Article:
2023: what can Papua New Guinea business expect from the year ahead?


Business Advantage PNG looks to the year ahead and considers what Papua New Guinea-focused businesses can expect in the coming 12 months.

Steamships’ new Harbourside South development in Port Moresby, which will include PNG’s first Marriot-branded executive apartments as well as retail and office space, is due to open this year. Credit: BAI

Economic growth

According to the National Budget, delivered last December, Papua New Guinea’s economy is expected to grow by 4.0 per cent in 2023, with non-resources and resources growth at 4.6 per cent and 2.0 per cent respectively.

For context, the Asian Development Bank’s latest Pacific Economic Monitor, projects 4.9 per cent growth for the Pacific region this year, while the International Monetary Fund is predicting 2.7 per cent growth globally.

Underpinning PNG’s growth is budgeted capital expenditure from the government of K9.796 billion. The challenge for government agencies will be to actually disburse what represents a record investment for PNG’s government.

Inflation is expected to run at 5.7 per cent this year.

Porgera’s reopening

The CEO of Barrick, Mark Bristow, addressing landowners, church and community representatives last year. Credit: Barrick (Niugini) Limited

Twelve months ago, we observed that the government’s GDP projections relied on the reopening of the Porgera gold mine in Enga Province.

Twelve months on, that remains the case.

Story continues after advertisment...

As ANZ economists Kishti Sen and Tom Kelly warn in the latest ANZ Pacific Insight, ‘delays in the next cycle of projects will weigh on economic prospects and deteriorate debt serviceability.’

While recent recruitment activity at Porgera has generated some excitement, the gold mine remains closed. Indeed, current operator Barrick Niugini has been trying to hose down expectations, emphasising this month that current hiring ‘is only to assist with ongoing “care and maintenance” work at the mine’.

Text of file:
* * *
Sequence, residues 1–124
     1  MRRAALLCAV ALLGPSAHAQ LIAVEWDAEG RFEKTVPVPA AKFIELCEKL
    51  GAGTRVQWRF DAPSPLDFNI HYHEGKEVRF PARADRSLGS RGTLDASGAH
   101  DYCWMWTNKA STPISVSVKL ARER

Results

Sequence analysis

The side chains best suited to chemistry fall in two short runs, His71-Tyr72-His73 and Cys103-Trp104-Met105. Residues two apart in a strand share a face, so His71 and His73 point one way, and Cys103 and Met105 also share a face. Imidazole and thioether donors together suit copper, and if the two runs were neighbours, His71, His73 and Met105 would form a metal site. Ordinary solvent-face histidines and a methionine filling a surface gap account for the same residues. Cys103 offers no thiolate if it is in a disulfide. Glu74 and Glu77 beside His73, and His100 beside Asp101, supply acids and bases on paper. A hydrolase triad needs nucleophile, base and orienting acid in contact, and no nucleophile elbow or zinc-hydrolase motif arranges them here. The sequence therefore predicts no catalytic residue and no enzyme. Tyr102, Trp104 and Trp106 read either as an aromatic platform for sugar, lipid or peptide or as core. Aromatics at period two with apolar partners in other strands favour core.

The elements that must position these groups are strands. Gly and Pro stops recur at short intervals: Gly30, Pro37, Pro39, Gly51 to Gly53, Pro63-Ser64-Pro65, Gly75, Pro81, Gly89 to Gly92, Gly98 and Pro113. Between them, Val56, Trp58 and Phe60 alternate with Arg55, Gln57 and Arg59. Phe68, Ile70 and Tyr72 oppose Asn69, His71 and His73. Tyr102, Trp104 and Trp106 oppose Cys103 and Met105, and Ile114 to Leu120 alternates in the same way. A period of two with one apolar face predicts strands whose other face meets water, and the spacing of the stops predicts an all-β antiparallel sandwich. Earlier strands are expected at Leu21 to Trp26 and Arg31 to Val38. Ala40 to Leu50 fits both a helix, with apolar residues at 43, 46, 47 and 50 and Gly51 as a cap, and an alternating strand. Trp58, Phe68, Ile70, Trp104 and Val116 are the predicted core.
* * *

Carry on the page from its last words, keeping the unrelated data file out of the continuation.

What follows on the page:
With revenue from Porgera budgeted to start flowing through to the State in the second quarter of this year, the challenge for the government will be to resolve the final issues related to a new Special Mining Lease, so that the mine can recommence under new operator, the New Porgera Limited joint venture.

Meanwhile, there was no announcement about an agreement on the Wafi-Golu mine in Morobe Province at last month’s PNG Mining and Petroleum Investment Conference. With negotiations ongoing and objections from the Morobe provincial government seemingly addressed, business will be keenly watching for progress this year.

Petroleum and gas

Pasca A. Credit: Twinza Oil

One project for which there appears more clarity is TotalEnergies’ US$10 billion Papua LNG project – PNG’s second gas project. Business briefings on the project started in the second half of 2022 and early works are due to start this quarter, ahead of a final investment decision at the end of this year.

Given high global demand for LNG, business circles are bullish about Papua LNG, yet ambiguity about the future of PNG’s first offshore gas project, Pasca A, lingers. This year, developer Twinza Oil hopes to finally execute a gas agreement for the project, after negotiations broke down in mid-2021.


2023 business